It was misfit ministry, but not because I was ministering to misfits. It was misfit ministry because we were all misfits and what we were doing was so “unprofessional.” I was a pastor who didn’t know what he was doing, walking alongside others who didn’t know what they were doing. We were in a mess together, but we were in a mess for Jesus! It was an exciting time, too short a season in my opinion, but God had other important lessons for each of us to learn. I am grateful for my time at Revolution. I am grateful for every single pastor and volunteer I worked with. Each was a blessing to me in some way and helped me to grow.
What Revolution did for me personally was to reignite this passion for a non-traditional ministry contextualized to people who weren’t otherwise interested in going to church. It helped me to connect with some desires and burdens that I had long ago let dwindle. I still want to be part of this kind of work and those commitments have only gotten deeper over the years. I hope you will join me in continuing to wrestle with this idea of Misfit Ministry. And while you’re at it, pray for Revolution Church in Portsmouth, which plods along in faithful ministry.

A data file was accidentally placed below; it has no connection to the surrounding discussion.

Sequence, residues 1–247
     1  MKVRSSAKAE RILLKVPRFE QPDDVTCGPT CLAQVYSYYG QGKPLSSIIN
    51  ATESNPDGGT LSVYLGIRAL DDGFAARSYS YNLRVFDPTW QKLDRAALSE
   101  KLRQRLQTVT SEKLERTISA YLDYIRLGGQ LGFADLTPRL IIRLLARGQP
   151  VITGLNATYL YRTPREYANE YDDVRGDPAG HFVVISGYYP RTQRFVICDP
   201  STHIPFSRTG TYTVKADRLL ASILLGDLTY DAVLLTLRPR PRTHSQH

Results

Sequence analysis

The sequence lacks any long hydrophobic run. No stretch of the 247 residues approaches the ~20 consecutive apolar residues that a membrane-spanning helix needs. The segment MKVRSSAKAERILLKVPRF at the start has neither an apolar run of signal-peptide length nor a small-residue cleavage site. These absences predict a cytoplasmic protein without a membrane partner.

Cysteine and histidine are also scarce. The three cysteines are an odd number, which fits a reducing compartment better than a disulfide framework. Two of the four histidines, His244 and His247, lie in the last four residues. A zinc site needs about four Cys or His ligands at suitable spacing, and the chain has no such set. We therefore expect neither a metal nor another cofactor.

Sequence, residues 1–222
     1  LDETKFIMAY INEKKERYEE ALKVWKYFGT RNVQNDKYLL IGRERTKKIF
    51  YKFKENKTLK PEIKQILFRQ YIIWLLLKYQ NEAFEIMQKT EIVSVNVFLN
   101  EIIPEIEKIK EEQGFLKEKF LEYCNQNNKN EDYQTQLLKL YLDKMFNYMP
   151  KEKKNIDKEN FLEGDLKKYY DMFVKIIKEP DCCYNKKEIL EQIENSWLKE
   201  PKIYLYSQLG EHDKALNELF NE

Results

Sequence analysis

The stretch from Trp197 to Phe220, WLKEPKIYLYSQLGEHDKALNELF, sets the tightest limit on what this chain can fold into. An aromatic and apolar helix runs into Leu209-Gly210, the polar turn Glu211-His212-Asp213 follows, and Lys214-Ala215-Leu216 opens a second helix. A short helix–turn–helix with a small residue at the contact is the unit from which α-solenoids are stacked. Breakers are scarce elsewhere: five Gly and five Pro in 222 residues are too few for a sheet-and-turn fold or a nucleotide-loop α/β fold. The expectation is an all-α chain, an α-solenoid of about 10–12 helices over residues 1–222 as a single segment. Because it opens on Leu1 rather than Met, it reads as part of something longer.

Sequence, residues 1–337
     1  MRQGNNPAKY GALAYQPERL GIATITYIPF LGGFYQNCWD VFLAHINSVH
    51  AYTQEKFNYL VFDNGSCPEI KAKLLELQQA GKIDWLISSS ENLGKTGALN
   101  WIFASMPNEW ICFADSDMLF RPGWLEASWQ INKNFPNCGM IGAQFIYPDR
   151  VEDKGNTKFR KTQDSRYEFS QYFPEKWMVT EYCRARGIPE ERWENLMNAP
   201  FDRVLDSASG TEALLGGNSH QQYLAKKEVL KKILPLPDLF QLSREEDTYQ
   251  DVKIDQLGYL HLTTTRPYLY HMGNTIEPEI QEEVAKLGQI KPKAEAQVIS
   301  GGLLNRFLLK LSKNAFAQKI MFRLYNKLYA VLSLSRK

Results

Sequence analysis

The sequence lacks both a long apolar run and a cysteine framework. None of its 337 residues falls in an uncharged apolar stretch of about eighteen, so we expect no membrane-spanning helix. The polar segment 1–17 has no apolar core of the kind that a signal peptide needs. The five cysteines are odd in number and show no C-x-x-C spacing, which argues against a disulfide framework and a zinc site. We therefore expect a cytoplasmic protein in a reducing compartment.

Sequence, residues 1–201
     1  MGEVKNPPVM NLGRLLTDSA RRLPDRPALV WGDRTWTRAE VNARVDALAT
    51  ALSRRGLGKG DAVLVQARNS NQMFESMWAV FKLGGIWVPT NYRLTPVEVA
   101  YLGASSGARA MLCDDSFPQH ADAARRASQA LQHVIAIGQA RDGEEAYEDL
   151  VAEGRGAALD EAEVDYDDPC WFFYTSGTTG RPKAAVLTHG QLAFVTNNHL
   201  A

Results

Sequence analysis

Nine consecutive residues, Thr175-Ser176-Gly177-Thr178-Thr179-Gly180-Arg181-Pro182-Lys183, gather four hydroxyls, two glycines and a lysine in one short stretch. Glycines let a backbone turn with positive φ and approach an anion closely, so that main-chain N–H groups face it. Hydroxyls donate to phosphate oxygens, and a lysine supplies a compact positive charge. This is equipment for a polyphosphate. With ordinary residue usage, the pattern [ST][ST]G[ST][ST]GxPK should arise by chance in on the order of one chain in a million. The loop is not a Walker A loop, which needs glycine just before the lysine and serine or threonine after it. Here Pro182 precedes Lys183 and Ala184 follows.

Nostalgic Song of the Week: “Why Don’t You Look Into Jesus” by Larry Norman
Considered by some to be the father of Christian rock music, Larry Norman was a pioneer in gospel-rock. He was an accomplished musician, opening for Van Morrison and the Doors and various others at a young age. But after a special experience of the Holy Spirit in 1967 Norman began to view his life in terms of ministry. He began witnessing up and down Hollywood boulevard and even opened a halfway house for people. The combination of these two worlds, music and ministry, led him down the eventual path of gospel-rock.
“Why Don’t You Look Into Jesus” was a hit track off of Norman’s 1972 album Only Visiting This Planet. The song is an evangelistic call for the broken and the empty; specifically, however, Norman has said that he wrote the song with Janis Joplin in mind, whom he had opened for in years past.
The lyrics were edgy for Christian music at the time, singing about “sipping whiskey from a paper cup,” “shootin’ junk ’til your half insane,” and “gonorrhea on Valentine’s Day.” The song points to the pursuit of meaning and significance apart from Christ and the emptiness and devastation that such a pursuit will leave you with. Instead, he pleads “Why don’t you look into Jesus, He got the answer.” There is meaning and significance found in relationship to Him.
The whole album was not a particularly major hit when it dropped, but it became the inspiration for many young Christian musicians for generations to come. In fact, some rock historians call Only Visiting This Planet the best Christian album of all time! This song was one of my favorites for years. Indeed the plea is the same today as it was in 72, “why don’t you look into Jesus.” It’s not an Al Mohler podcast, but it’s good rock theology!